A study by the London Business School showed that even if we lack power then having a choice makes us feel better about our situation. Power over others and personal choice are both paths to control, and if we have one then the other is less important. So if you lack the power to resist a change then you'll feel better if you make the personal decision about how to respond to the change. I had the privilege to hear Clare Griffiths talk about how she became a four-time para-olympic athlete for Great Britain. As a child she was a keen horse rider and played hockey at county level, but at 18 while riding her horse she broke her back and was told she would never walk again. It could have been natural for this news to depress her, but she threw herself into the rehabilitation program and wanted to complete it faster than anyone else. As soon as she tried wheelchair basketball she decided that this was the perfect sport for her, even though she didn't understand the rules then, and she trained hard to learn how to play it. Her determination led her to play for Great Britain only a year after starting to play wheelchair basketball, and she went on to captain her country.
Join the Outgroup
When there is a change we sometimes look on others as being lucky beneficiaries while we believe that we are being unfairly treated. This relates to social identity theory and the idea of ingroups (people like us) and outgroups (people not like us). We identify ourselves with ingroup members, and tend to show them a positive bias and feel comfortable being around them.
However, we can enter conflict with outgroup members particularly in competition for resources. When an undesired change is going to happen then if we stay hostile to the group which triggered or benefits from the change then this could make us hostile to the change due to its association with the outgroup. Instead find the aspects which you have in common with the outgroup, and carry out activities which involve them.
A client I once coached, whom I'll call Sue, had a very difficult relationship with her manager who wanted to change how the group worked. I led Sue through different exercises to help her see the world through her manager's eyes and feel his motivations. It helped Sue understand why her manager wanted the group to change, and the dangers if it didn't. Sue actually shared many of the same basic drivers as her manager. She still did not agree with everything he did, but the working relationship improved hugely.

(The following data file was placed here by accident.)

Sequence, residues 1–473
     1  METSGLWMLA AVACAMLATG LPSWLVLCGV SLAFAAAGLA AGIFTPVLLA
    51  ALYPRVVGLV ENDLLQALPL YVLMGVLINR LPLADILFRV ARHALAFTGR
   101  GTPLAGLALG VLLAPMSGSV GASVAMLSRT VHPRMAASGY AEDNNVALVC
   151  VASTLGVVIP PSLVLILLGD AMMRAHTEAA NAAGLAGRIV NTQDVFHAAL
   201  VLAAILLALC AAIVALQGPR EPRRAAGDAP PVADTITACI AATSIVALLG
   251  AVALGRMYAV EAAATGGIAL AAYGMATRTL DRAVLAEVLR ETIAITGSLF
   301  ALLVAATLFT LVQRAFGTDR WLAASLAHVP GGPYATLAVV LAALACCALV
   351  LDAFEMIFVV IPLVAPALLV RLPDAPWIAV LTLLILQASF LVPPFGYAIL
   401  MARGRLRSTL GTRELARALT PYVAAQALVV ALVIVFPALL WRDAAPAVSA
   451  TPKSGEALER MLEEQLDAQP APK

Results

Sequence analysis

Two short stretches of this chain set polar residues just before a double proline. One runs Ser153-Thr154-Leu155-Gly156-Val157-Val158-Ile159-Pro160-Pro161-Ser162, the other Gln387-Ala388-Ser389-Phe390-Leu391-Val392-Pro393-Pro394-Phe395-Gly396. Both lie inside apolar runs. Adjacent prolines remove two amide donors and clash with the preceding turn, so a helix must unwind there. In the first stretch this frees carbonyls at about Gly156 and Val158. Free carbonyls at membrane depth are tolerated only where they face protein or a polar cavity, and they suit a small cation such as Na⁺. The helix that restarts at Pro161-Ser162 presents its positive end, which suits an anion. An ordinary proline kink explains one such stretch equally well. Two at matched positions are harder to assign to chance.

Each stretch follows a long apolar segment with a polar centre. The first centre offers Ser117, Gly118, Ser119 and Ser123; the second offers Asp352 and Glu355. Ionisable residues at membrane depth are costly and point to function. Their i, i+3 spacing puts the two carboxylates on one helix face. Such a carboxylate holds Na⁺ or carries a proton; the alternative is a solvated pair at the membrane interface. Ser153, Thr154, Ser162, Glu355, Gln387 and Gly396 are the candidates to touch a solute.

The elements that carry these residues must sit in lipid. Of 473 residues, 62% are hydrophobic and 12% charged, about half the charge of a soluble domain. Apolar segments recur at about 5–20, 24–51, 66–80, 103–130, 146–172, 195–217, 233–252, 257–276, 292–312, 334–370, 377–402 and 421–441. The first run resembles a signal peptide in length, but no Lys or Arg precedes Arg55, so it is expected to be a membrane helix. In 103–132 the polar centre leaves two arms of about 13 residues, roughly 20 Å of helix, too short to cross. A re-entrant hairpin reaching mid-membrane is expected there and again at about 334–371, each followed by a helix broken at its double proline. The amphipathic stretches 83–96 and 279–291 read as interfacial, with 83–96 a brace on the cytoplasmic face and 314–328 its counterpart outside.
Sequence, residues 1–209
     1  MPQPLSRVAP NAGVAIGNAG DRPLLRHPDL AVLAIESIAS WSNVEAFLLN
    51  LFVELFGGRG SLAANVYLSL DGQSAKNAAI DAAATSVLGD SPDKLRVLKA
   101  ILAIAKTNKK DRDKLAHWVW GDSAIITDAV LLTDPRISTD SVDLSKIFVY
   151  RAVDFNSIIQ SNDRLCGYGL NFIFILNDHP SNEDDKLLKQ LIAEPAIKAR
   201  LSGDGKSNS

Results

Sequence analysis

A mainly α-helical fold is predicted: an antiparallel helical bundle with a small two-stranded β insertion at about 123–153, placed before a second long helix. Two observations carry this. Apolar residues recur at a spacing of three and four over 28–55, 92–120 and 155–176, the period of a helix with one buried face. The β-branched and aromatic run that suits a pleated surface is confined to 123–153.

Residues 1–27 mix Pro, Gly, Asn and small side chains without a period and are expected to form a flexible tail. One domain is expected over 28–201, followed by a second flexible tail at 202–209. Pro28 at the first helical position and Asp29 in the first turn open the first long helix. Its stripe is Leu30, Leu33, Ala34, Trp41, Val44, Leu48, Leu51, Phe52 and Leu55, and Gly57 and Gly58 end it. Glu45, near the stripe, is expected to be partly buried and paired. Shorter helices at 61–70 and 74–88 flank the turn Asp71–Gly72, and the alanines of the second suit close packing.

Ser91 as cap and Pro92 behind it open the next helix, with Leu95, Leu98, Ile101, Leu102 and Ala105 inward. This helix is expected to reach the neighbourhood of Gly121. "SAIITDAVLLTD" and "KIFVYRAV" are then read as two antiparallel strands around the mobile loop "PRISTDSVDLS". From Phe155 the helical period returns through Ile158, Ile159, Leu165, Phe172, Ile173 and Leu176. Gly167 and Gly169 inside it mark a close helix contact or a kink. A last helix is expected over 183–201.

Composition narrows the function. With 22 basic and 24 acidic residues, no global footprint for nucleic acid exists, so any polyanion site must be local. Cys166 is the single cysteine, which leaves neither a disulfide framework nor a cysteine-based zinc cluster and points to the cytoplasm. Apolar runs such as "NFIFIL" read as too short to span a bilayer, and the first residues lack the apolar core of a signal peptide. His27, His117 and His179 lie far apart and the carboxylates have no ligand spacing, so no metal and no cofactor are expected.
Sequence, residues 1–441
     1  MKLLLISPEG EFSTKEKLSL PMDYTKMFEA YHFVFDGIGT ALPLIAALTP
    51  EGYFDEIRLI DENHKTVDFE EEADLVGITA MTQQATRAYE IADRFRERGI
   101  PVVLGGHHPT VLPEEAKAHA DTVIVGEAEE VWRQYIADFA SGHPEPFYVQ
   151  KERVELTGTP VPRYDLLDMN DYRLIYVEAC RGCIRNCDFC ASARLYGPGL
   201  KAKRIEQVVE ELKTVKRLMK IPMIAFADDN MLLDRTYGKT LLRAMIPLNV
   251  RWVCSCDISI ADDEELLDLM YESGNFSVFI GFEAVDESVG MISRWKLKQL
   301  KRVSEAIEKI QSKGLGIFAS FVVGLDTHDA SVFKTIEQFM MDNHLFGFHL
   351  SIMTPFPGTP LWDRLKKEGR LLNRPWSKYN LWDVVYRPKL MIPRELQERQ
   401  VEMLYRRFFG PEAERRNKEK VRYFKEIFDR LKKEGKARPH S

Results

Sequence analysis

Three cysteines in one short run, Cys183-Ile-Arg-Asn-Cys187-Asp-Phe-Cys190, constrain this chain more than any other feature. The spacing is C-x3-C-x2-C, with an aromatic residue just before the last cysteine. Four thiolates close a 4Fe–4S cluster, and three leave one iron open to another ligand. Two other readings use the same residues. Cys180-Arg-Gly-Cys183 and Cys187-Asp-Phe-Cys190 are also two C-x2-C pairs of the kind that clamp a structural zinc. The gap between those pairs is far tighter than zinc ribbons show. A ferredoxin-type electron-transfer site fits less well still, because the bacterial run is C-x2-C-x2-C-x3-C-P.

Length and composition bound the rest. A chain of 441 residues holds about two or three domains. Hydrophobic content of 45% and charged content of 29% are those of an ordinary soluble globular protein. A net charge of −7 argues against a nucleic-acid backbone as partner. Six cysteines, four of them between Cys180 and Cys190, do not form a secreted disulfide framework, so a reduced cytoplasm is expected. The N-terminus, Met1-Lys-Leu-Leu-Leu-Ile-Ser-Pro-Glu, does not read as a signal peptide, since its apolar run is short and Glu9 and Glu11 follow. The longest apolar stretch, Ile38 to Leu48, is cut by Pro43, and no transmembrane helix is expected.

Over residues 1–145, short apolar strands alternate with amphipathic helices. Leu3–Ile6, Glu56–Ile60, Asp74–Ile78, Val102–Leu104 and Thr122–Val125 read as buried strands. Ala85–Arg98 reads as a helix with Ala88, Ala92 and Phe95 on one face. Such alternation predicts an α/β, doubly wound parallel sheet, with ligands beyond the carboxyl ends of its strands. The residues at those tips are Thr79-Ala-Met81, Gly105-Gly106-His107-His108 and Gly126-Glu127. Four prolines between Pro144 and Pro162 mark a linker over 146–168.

Re-build Old Routines
When you are forced to change then re-creating old habits in the new environment can create a sense of continuity, and reassure you that you can adapt successfully to this change.
In his youth Nelson Mandela had been a keen boxer and would often wake early to run or walk long distances. When he was imprisoned in a cell measuring six-feet by six-feet in Robben Island he continued to exercise and in Long Walk to Freedom he wrote that:
On Mondays to Thursdays I would run on the spot in my cell in the morning for up to forty-five minutes. I would also perform a hundred fingertip push-ups, two hundred sit-ups, fifty deep knee-bends and various other callisthenics.
This gave him an outlet to his frustrations during twenty seven years of incarceration, and inspired other prisoners to join him in these exercises.
About The Author
Alasdair Graham is the founder of Apex Discovery and a coach who helps leaders and businesses grow. If you found this blog post useful then please share it.